What does the future of water look like? Do we need a single organisation managing our water catchments and do we need more resources to regulate the quality and quantity of our water? Join the Chief Executive of the Environment Agency, John Curtin and CIWEM’s Director of Policy, Alastair Chisholm as we explore these topics – and find out what John’s biggest environmental concern is.
Source: © 2023 - CSAR Swansea University
30th June 2023
Conservationists have warned of "devastating" conditions for wildlife after a river in England's wettest area dried up for the third year in a row.
The River Derwent in the Lake District's Borrowdale Valley has seen water levels drop drastically after weeks of hot weather.
Experts said fish and insects would be badly affected with a "knock-on effect" for other species.
Floodplains on a river running through a farmed estate are to be restored to create new freshwater and wetland habitats for wildlife.
A mosaic of ponds and wetlands are being created along the River Cole on the Coleshill estate which borders Oxfordshire and Wiltshire.
The new ponds and pools will be about 1.4 hectares in size.
A recently completed restoration project in Yorkshire will improve habitat and bring a boost to water quality in Calderdale’s rivers.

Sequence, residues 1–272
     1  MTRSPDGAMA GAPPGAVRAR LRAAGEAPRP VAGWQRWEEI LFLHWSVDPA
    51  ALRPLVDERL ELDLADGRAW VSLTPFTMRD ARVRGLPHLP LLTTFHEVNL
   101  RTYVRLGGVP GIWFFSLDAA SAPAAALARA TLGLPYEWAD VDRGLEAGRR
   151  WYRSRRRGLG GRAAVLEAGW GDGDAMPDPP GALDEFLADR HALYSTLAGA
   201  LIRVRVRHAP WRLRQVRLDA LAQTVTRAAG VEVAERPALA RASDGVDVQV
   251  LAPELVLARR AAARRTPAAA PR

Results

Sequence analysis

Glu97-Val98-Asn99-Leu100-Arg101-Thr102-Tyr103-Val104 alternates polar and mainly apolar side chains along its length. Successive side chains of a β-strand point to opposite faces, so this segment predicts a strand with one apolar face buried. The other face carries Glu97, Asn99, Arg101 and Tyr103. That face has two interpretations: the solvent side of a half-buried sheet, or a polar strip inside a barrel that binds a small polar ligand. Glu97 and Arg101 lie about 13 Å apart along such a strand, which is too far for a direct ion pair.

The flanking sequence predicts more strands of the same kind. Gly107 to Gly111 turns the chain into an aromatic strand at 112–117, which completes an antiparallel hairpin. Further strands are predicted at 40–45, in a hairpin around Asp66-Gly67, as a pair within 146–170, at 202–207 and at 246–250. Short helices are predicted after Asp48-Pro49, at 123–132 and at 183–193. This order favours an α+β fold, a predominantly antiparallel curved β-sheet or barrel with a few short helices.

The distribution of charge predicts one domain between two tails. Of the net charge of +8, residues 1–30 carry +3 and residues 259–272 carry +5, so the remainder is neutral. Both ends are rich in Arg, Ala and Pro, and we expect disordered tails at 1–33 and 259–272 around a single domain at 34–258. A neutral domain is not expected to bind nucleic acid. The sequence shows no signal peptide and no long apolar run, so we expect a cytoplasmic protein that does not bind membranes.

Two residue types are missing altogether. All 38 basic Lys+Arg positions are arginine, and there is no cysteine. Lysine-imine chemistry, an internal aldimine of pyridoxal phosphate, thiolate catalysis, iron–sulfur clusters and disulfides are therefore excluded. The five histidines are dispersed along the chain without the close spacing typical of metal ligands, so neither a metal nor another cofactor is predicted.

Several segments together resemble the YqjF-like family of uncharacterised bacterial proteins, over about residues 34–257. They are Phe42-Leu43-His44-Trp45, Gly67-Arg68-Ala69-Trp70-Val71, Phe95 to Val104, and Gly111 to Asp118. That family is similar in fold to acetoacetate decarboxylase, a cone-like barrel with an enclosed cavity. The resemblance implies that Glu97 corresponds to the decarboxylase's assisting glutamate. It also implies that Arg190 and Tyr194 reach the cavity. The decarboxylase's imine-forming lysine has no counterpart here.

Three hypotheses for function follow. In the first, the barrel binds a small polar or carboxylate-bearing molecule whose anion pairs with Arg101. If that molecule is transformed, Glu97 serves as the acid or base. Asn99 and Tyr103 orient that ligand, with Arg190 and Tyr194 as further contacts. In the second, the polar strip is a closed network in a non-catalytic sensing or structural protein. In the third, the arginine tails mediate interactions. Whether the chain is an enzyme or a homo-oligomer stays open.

Freshwater mussels at risk of extinction have started reproducing for the first time in 13 years.
Turkey Brook has been transformed following a restoration that did one vital thing similar projects often overlook – it reconnected the waterway with its hyporheic zone
As two great white egrets land at the meandering Turkey Brook in north London, it’s hard to believe this thriving river was once mistaken for a ditch.
Beavers are a really important tool in river restoration, and they’re free as well,’ says Dr Alan Law, a freshwater environments expert
A cheap solution to tackle the scourge of Britain’s polluted and degraded rivers? It sounds too good to be true.
Few visitors know that London has 640km of waterways and there's a serious movement taking place to restore these "blue corridors" to their former glory.
Though most visitors to London think only of the River Thames, the city is a myriad of waterways. Old maps show a skein of rivers and brooks that provided "blue corridors" traversing the city for centuries, providing both sources of food and recreation. But as London boomed, these waterways faded from consciousness – encased by walls, turned into polluted backwaters or simply covered over to run unseen beneath busy streets.